[Michael Kohn] started programming on the Motorola 68000 architecture and then, for work reasons, moved over to the Intel x86 and was not exactly pleased by the latter chip’s perceived shortcomings. In the ’80s, the 68000 was a very popular chip, powering everything from personal computers to arcade machines, and looking at its architecture and ease of programming, you can see why this was.

Fast-forward a few years, and [Michael] decided to implement both cores in an FPGA to compare real applications, you know, for science. As an extra bonus, he also compares the performance of a minimal RISC-V implementation on the same hardware, taken from an earlier RISC-V project (which you should also check out !)

Utilizing their ‘Java Grinder’ application (also pretty awesome, especially the retro console support), a simple Mandelbrot fractal generator was used as a non-trivial workload to produce binaries for each architecture, and the result was timed. Unsurprisingly, for CISC architectures, the 68000 and x86 code sizes were practically identical and significantly smaller than the equivalent RISC-V. Still, looking at the execution times, the 68000 beat the x86 hands down, with the newer RISC-V speeding along to take pole position. [Michael] admits that these implementations are minimal, with no pipelining, so they could be sped up a little.

Also, it’s not a totally fair race. As you’ll note from the RISC-V implementation, there was a custom RISC-V instruction implemented to perform the Mandelbrot generator’s iterator. This computes the complex operation Z = Z2 + C, which, as fellow fractal nerds will know, is where a Mandelbrot generator spends nearly all the compute time. We suspect that’s the real reason RISC-V came out on top.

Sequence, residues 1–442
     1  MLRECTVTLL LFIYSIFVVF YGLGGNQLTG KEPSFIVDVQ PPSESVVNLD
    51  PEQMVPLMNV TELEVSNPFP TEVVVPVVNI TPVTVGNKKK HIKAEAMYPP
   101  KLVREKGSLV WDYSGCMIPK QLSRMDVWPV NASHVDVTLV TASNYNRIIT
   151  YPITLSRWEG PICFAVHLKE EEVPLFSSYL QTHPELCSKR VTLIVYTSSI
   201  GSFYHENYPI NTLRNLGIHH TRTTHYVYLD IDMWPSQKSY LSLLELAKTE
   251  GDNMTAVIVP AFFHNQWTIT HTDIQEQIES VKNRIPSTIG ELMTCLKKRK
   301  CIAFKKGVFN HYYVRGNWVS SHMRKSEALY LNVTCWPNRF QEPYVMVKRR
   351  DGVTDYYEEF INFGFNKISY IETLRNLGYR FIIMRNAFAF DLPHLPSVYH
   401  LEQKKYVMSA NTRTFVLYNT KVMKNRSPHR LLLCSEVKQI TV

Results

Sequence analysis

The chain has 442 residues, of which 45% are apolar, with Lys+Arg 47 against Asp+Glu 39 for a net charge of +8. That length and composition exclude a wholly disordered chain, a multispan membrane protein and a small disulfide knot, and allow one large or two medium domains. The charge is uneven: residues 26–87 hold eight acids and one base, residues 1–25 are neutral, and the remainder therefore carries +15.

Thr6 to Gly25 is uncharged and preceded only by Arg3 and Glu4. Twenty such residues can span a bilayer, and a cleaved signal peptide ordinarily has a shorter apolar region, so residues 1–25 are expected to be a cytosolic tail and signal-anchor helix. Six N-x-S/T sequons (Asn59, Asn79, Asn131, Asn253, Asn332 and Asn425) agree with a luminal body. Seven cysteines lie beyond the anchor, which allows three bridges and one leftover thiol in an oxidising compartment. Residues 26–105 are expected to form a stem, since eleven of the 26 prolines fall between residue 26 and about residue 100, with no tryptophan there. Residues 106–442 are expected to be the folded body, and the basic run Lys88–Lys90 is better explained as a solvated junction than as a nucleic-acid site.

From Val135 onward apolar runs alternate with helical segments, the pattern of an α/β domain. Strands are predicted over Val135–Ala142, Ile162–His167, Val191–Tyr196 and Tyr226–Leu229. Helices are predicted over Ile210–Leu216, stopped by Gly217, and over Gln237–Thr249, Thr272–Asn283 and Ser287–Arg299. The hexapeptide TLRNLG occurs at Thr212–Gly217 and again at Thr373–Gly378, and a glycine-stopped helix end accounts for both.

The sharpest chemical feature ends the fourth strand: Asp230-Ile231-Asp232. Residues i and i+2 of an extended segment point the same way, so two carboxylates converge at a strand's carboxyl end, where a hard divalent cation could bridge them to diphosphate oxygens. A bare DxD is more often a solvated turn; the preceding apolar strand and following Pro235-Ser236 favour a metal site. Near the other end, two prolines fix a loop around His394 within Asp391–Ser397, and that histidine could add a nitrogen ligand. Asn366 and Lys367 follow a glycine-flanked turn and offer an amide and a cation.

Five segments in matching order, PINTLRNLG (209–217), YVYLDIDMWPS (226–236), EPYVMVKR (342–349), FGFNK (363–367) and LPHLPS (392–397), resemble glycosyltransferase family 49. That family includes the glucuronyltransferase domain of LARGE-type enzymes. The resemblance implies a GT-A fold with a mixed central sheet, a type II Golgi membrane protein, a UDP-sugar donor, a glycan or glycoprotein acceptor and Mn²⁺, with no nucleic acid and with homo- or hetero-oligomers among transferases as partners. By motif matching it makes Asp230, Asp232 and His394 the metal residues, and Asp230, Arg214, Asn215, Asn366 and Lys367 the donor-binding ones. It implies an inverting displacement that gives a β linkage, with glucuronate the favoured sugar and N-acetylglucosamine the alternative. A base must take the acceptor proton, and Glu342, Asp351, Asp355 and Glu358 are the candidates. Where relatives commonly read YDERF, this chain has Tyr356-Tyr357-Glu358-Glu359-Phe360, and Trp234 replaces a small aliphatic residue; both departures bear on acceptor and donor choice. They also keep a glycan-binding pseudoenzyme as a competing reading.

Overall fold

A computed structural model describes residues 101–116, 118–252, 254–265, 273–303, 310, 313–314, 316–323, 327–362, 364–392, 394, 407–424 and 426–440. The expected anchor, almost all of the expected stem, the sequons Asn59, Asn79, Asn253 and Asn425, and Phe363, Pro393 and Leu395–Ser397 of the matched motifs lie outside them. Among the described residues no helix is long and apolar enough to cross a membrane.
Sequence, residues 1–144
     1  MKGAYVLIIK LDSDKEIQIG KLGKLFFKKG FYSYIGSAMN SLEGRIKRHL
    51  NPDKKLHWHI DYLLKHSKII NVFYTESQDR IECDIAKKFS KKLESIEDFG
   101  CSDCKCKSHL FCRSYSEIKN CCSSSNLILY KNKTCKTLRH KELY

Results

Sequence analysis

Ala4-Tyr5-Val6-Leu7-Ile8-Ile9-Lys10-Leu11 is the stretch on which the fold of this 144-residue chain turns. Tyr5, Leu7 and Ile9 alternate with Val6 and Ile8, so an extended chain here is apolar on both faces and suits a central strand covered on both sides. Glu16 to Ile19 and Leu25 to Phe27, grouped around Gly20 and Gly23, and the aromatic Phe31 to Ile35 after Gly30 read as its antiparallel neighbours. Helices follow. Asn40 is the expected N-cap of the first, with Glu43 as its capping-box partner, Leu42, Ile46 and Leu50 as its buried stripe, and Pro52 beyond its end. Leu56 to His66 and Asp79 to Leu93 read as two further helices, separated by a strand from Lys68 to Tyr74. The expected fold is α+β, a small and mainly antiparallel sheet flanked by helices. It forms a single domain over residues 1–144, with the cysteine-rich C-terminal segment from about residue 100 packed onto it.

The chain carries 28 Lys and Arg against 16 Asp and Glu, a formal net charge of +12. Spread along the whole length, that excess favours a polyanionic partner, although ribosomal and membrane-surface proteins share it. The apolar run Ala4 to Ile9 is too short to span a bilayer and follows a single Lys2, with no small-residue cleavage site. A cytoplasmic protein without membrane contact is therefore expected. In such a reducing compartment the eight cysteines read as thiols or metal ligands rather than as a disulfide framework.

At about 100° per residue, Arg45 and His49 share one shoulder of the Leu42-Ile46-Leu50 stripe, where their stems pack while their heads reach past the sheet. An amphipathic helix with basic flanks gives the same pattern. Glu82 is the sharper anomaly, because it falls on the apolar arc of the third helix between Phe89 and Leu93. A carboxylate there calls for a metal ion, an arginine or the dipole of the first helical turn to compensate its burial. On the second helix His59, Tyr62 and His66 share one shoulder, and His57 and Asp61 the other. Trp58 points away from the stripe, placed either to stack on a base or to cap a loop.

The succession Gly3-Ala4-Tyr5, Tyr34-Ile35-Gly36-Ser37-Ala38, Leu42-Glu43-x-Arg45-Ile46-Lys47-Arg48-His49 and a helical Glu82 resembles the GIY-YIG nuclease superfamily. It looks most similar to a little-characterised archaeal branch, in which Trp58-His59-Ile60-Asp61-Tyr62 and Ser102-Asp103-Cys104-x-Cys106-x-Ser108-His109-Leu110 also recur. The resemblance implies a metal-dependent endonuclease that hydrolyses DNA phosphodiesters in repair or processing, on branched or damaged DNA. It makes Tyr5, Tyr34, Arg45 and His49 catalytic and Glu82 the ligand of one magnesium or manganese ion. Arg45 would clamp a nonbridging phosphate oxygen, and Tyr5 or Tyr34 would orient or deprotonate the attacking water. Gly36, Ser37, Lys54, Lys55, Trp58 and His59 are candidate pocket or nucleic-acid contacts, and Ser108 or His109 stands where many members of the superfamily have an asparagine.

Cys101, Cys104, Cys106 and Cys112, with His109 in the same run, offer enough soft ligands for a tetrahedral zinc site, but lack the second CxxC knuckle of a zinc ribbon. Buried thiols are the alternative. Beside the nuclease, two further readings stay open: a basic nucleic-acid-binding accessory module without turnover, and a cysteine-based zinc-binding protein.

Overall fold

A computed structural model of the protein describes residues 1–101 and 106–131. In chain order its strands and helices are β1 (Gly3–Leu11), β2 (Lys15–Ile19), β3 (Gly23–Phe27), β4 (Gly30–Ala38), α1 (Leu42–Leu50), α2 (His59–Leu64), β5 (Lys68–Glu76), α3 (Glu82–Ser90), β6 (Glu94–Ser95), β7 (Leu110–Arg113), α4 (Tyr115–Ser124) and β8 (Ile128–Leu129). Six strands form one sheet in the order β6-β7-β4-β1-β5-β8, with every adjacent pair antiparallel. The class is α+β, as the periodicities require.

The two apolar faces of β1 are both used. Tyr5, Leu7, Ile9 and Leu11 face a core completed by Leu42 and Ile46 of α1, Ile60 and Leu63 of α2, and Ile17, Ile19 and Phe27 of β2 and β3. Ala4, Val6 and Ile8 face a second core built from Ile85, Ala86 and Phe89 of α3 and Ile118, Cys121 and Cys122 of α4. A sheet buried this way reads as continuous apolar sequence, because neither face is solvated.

If actual hardware is more your cup of tea, you could build a minimal 68k system pretty easily, provided you can find the chips. The current ubiquitous x86 architecture, as odd as it started out, is here to stay for the foreseeable future, so you’d just better get comfortable with it!

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The Amiga We All Wanted In 1993

To be an Amiga fan during the dying days of the hardware platform back in the mid 1990s was to have a bleak existence indeed. Commodore had squandered what was to us the best computer ever with dismal marketing and a series of machines that were essentially just repackaged versions of the original. Where was a PCI Amiga with fast processors, we cried!

Now, thirty years too late, here’s [Jason Neus] with just the machine we wanted, in the shape of an ATX form factor Amiga motherboard with those all-important PCI slots and USB for keyboard and mouse.

What would have been unthinkable in the ’90s comes courtesy of an original or ECS Amiga chipset for the Amiga functions, and an FPGA and microcontroller for PCI and USB respectively. Meanwhile there’s also a PC floppy drive controller, based on work from [Ian Steadman]. The processor and RAM lives on a daughter card, and both 68040 and 68060 processors are supported.

Here in 2024 of course this is still a 1990s spec board, and misty-eyed speculation about what might have happened aside, it’s unlikely to become your daily driver. But that may not be the point, instead we should evaluate it for what it is. Implementing a PCI bus, even a 1990s one, is not without its challenges, and we’re impressed with the achievement.

If you’re interested in Amiga post-mortems, here’s a slightly different take.